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Auf dem Grossmuenster in Zuerich

Eine der Schoensten Ansichten Zuerichs bietet sich vom Karlsturm des Grossmuesters. Der Turm bietet nach 187 Stufen Aufstieg einen kleinen Balkon in jede Himmelsrichtung. Weil der Durchmesser des Turm ungefaehr 10 Meter betraegt und der Abstand der verschiedenen Foto Aufnahmestandorten entsprechend gross ist, ist es grundsaetzlich nicht moeglich, eine fehlerfreie 360Grad Panorama-Aufnahme zu erstellen. Ich habe dennoch mein bestes versucht und auch ein bisschen gebastelt. Die Panorama Aussicht ist auf jeden Fall grossartig!

The Panorama covers approx 360 x 124 degrees. No tripod was used.

The Karls Tower of the Grossmuenster Church in Zuerich offers perhaps the best panoramic view over the city. The viewing platform, 187 steps above ground, consists of four distinct balconies. As a result of the tower’s diameter of approximately 10 meters and hence distance between camera locations, it is technically impossible to stitch a perfect 360 degree panorama. The panoramic view is nevertheless priceless.

Das Grossmünster ist eine evangelisch-reformierte Kirche in der Altstadt von Zürich. Die Kirchenpatrone sind Felix und Regula sowie Exuperantius. Bis zur Reformation war das Grossmünster zugleich Teil eines weltlichen Chorherrenstifts und Pfarrkirche. Das Grossmünster gehört zusammen mit dem Fraumünster und der St. Peter Kirche zu den bekanntesten Kirchen der Stadt Zürich. Seine charakteristischen Doppeltürme sind das eigentliche Wahrzeichen Zürichs. Der Karlsturm ist einer der zwei Türme von Zürichs Wahrzeichen, dem Grossmünster. Das Grossmünster ist ein ehemaliges Augustiner-Chorherrenstift über den Gräbern der Stadtheiligen Felix und Regula erbaut und Standort der ersten weiterführenden Schule, welche gemäss Sage von Karl dem Grossen gegründet wurde. Seine Statue ist am Turm angebracht. Vom Kirchenschiff aus führen 187 Tritte hinauf zur Aussichtsplattform. Von oben hat man einen wunderschönen Ausblick über die Altstadt und den See.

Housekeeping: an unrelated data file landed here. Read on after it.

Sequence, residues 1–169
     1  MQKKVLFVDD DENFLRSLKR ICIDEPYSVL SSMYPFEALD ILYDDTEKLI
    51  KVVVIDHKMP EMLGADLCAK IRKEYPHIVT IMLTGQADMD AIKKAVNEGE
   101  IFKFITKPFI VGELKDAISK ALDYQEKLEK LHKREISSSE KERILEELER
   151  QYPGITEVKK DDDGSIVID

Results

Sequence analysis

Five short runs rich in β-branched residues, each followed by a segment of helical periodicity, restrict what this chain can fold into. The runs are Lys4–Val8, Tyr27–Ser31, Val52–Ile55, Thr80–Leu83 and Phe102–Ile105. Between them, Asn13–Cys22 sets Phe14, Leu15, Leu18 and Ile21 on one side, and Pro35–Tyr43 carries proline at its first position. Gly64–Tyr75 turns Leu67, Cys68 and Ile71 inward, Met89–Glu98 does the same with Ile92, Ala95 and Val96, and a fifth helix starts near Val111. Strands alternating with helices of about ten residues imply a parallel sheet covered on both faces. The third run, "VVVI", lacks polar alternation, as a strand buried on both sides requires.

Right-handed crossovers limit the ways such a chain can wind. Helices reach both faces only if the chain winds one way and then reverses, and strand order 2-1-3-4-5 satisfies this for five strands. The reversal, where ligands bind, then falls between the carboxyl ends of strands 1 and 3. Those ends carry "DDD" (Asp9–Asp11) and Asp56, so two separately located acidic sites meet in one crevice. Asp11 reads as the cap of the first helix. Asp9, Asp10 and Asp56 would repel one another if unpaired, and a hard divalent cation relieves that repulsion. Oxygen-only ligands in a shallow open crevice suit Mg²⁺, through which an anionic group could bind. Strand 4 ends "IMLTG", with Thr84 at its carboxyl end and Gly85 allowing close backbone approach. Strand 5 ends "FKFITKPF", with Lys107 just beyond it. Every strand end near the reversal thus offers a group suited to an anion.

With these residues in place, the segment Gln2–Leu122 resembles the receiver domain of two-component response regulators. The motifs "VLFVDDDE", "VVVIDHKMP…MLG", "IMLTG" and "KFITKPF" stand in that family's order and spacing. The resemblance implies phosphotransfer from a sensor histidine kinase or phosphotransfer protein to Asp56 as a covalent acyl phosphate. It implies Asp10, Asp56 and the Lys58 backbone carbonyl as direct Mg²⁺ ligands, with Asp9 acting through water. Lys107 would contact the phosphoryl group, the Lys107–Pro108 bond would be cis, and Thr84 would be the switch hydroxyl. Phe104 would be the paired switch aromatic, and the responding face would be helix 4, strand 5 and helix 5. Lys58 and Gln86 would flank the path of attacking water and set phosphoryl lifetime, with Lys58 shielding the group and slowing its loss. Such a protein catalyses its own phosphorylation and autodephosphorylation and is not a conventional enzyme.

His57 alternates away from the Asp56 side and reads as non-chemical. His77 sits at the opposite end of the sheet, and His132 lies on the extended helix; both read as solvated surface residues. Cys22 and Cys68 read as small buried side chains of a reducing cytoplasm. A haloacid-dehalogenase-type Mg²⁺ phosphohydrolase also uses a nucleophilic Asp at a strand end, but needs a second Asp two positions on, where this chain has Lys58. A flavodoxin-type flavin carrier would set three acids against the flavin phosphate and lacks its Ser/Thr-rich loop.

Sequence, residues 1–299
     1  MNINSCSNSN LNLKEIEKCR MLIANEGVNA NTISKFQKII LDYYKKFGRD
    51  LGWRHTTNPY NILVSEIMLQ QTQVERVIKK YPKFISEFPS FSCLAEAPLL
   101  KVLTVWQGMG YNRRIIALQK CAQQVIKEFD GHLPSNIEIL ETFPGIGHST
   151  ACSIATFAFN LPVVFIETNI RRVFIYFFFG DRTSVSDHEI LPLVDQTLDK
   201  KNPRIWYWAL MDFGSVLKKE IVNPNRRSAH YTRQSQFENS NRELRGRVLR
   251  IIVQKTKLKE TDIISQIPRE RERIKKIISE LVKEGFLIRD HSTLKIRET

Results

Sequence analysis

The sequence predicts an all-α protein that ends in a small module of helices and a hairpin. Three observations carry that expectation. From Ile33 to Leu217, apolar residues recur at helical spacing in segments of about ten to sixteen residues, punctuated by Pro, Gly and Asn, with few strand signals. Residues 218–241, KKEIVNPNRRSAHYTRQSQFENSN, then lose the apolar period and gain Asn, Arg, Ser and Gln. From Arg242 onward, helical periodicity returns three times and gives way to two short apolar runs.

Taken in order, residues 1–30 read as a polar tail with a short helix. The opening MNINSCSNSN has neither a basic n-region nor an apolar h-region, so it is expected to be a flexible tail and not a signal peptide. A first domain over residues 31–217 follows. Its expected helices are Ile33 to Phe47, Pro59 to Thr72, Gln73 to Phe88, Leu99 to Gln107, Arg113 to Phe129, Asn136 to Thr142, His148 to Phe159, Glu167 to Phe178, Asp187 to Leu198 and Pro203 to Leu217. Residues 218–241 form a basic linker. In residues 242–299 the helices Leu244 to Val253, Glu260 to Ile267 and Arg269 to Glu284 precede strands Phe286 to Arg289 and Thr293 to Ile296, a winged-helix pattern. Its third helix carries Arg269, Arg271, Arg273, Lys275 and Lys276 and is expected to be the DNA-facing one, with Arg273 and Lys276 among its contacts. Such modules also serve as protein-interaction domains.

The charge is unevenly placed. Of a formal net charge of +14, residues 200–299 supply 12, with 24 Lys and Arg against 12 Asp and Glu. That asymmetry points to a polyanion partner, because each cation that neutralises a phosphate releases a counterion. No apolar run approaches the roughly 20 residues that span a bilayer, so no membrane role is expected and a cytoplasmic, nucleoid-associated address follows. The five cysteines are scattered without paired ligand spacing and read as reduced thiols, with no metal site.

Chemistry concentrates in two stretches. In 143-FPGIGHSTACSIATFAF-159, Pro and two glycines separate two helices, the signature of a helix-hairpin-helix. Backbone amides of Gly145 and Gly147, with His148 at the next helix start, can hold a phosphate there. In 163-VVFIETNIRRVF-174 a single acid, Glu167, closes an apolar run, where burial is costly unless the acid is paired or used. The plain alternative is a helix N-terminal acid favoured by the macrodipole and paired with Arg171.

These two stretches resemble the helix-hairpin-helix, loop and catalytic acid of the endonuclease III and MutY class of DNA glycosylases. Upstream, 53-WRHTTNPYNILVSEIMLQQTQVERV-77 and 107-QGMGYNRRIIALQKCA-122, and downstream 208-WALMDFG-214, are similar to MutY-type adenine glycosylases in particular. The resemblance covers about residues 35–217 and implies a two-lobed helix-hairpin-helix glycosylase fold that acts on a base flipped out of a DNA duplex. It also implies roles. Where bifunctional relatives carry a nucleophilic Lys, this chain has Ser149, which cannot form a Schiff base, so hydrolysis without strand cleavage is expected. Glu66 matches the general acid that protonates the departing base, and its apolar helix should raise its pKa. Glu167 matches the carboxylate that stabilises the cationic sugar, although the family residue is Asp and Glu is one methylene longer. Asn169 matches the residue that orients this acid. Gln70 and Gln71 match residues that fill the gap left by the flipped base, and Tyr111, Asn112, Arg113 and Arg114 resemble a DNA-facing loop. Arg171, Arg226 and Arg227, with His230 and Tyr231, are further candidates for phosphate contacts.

Grossmünster (English article from Wikipedia)

The Grossmünster ("great minster") is a Romanesque-style Protestant church in Zurich, Switzerland. It is one of the three major churches in the city (the others being the Fraumünster and St. Peterskirche). The core of the present building near the banks of the Limmat River was constructed on the site of a Carolingian church, which was, according to legend, originally commissioned by Charlemagne. Construction of the present structure commenced around 1100 and it was inaugurated around 1220. The Grossmünster was a monastery church, vying for precedence with the Fraumünster across the Limmat throughout the Middle Ages. According to legend, the Grossmünster was founded by Charlemagne, whose horse fell to its knees over the tombs of Felix and Regula, Zürich's patron saints. The legend helps support a claim of seniority over the Fraumünster, which was founded by Louis the German, Charlemagne's grandson. Recent archaeological evidence confirms the presence of a Roman burial ground at the site.

Historical significance

Ulrich Zwingli initiated the Swiss-German Reformation in Switzerland from his pastoral office at the Grossmünster, starting in 1520. Zwingli won a series of debates presided over by the magistrate in 1523 which ultimately led local civil authorities to sanction the severance of the church from the papacy. The reforms initiated by Zwingli and continued by his successor, Heinrich Bullinger, account for the plain interior of the church. The iconoclastic reformers removed the organ and religious statuary in 1524. These changes, accompanied by abandonment of Lent, replacement of the Mass, disavowal of celibacy, eating meat on fast days, replacement of the lectionary with a seven-year New Testament cycle, a ban on church music, and other significant reforms make this church one of the most important sites in the history of the reformation and the birthplace of the Swiss-German reformation.

Copyright: Auggie Werner
Type: Spherical
Resolution: 12000x6000
Taken: 25/04/2012
Chargée: 02/11/2012
Mis à jour: 05/11/2012
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Tags: church; zurich; switzerland
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